Public Access: City, county use different cable channels [The Fayetteville Observer, N.C.]
(Fayetteville Observer (NC) Via Acquire Media NewsEdge) Aug. 23--The city of Fayetteville and Cumberland County have taken separate paths to continue broadcasting their meetings.
On July 1, Time Warner Cable ceased operating the public access Channel 7 as part of deregulation approved by the state in 2006.
For more than 20 years, local governments and members of the community used the channel to air meetings, public service announcements and other programming.
This summer, the city took over the management of Channel 7, establishing a fledgling new cable station that is expected to cost about $140,000 a year.
The city continues to air council meetings and has begun producing other programming to help fill what officials are calling "FAY-TV7."
In the spring, city officials offered Cumberland County an opportunity to become a partner in the new government access channel. The county's share for the channel would have been $42,000 a year.
That cost, said Tracie Davis, the city's chief spokeswoman, included 40 percent capacity of the channel for broadcasting content and public service announcements and bulletin board-type messages for the county on TV.
The city manager, in a March letter to Time Warner Cable, asked to have Channel 7 transitioned to the city's control July 1.
The county commissioners said no thanks, opting in May to air their board meetings and two monthly shows over Channel 5 on cable TV.
Fayetteville Technical Community College manages and operates Channel 5 and airs educational programming on it. The college charges the county nothing to air programming, including the commissioner meetings.
One Cumberland County commissioner, Marshall Faircloth, went on social media this week to boast the county was paying nothing to air its meetings on the FTCC Channel 5.
"When TWC relinquished access to community channel 7, Fayetteville GRABBED it!" Faircloth posted to his Facebook page Monday.
"When Fayetteville told Cumberland that our previously FREE access would now cost $44,000, we switched to FTCC's channel 5 at no cost to the county taxpayers," his post said.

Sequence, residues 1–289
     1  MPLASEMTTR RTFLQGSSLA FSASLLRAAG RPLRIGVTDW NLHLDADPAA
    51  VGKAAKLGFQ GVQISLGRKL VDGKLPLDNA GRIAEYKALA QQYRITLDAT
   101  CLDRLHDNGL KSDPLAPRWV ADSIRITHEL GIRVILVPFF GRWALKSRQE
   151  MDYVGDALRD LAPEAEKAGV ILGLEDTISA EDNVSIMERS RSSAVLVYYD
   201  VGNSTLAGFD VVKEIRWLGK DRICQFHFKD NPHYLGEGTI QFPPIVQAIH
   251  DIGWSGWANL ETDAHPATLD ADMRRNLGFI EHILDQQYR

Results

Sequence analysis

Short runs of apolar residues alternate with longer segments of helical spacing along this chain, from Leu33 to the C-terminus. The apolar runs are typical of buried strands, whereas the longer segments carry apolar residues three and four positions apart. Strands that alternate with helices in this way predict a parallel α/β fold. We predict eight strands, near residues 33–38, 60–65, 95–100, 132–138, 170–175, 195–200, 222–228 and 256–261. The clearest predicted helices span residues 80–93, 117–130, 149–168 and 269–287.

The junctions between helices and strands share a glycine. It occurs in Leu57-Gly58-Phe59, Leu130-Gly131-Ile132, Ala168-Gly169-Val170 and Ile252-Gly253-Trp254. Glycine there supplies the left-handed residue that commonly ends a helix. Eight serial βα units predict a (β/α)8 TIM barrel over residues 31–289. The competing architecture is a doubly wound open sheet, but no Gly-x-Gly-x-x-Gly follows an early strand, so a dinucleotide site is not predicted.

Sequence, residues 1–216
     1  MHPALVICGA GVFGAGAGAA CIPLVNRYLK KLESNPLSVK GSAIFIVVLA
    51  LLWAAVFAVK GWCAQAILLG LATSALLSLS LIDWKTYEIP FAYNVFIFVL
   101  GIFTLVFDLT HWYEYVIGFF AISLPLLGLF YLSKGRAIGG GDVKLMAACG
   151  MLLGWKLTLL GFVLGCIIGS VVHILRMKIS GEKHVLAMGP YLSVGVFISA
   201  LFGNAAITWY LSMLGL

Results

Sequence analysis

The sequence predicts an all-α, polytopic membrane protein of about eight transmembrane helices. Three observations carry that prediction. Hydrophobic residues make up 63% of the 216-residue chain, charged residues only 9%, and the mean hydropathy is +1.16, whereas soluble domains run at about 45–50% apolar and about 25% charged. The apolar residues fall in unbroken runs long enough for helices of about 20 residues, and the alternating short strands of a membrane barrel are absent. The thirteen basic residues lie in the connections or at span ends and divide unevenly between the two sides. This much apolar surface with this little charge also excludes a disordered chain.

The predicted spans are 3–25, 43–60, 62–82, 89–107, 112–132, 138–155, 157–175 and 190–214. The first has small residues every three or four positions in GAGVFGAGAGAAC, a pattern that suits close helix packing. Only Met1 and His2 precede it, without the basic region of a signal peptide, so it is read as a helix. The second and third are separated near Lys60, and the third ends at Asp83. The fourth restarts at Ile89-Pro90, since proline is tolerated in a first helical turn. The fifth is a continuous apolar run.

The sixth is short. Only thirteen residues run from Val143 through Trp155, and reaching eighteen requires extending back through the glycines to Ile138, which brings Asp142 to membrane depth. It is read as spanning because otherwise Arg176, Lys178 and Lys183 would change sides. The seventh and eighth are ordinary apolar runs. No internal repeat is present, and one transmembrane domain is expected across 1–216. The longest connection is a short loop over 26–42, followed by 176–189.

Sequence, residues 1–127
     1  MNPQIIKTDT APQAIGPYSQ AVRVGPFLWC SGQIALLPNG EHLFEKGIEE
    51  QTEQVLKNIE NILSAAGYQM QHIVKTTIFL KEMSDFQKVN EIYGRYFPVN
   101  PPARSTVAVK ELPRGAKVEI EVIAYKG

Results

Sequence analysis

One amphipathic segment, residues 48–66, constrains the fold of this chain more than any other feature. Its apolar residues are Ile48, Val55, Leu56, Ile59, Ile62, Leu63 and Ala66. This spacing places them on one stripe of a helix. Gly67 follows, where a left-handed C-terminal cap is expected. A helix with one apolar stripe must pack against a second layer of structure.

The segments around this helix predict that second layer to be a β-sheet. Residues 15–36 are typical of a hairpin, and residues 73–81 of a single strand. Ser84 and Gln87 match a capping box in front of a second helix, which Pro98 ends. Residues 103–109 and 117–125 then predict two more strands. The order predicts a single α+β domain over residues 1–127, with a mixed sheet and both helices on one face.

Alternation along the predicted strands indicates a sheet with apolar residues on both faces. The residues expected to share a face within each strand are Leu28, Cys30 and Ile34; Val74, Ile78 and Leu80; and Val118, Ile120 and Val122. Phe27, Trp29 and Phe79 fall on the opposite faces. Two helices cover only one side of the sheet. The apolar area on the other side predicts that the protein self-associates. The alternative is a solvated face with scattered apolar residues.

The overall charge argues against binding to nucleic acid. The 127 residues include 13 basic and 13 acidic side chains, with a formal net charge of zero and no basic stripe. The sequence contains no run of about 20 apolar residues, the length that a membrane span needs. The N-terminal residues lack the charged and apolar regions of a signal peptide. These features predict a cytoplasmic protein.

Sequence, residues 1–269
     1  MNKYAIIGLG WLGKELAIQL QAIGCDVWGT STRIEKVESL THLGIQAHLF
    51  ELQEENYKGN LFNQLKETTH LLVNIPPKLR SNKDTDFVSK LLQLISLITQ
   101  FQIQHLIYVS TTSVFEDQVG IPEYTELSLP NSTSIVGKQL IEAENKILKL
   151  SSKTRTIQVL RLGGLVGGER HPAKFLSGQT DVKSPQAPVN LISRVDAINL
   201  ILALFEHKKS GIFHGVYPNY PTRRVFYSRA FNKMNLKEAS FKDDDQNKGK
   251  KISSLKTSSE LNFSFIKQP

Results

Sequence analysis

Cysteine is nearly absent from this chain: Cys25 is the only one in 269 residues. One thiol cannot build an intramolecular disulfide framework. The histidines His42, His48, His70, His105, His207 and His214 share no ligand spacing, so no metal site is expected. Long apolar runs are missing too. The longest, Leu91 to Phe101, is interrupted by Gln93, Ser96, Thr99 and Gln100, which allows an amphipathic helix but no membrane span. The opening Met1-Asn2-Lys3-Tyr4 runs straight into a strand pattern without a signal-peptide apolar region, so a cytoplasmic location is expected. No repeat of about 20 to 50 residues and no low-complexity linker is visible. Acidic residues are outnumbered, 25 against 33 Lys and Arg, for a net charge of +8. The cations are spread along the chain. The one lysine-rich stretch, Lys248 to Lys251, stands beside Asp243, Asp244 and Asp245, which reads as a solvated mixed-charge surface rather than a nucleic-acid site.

Faircloth's posting misstated the cost by $2,000 -- and he didn't mention that the county is paying $25,000 to FTCC's Innovation Center to produce 20 30-minute programs on various county subjects and issues.
Airing the shows on Channel 5 is free, said a county spokeswoman, Sally Shutt.
The county and city already had their own camera and broadcasting equipment to record their meetings to be aired on the former public access channel.
At the City Council's urging, the Public Works Commission agreed in June to contribute $85,000 a year to the city's FAY-TV budget. The PWC also does marketing programming for cable TV.
Mayor Tony Chavonne said the city's offer to the county was an opportunity to avoid duplication and operate a joint government access channel.
"We were willing to share with that," Chavonne said.
The mayor said the commissioners made "an evaluation not to do that, and that's fine. It's not like we were trying to make money."
City officials said they are still getting set up with the new channel and hope to air content 24 hours a day. Some of the recent programs they have produced were a recycled art exhibit downtown, a recent community watch advisory meeting and look inside the city's Senior Center.
City officials cited a survey earlier this year as one reason to take over the channel. The survey, of about 1,000 families who filled out questionnaires, reported that 24 percent of residents relied on the former public access channel for news about the city -- and 10 percent in the survey said the channel was their preferred source.
According to the survey, 67 percent said the newspaper was their primary source of city news, followed by 55 percent for local TV and 45 percent for the city's website.
Staff writer Andrew Barksdale can be reached at email@example.com or 486-3565.
(c)2013 The Fayetteville Observer (Fayetteville, N.C.)
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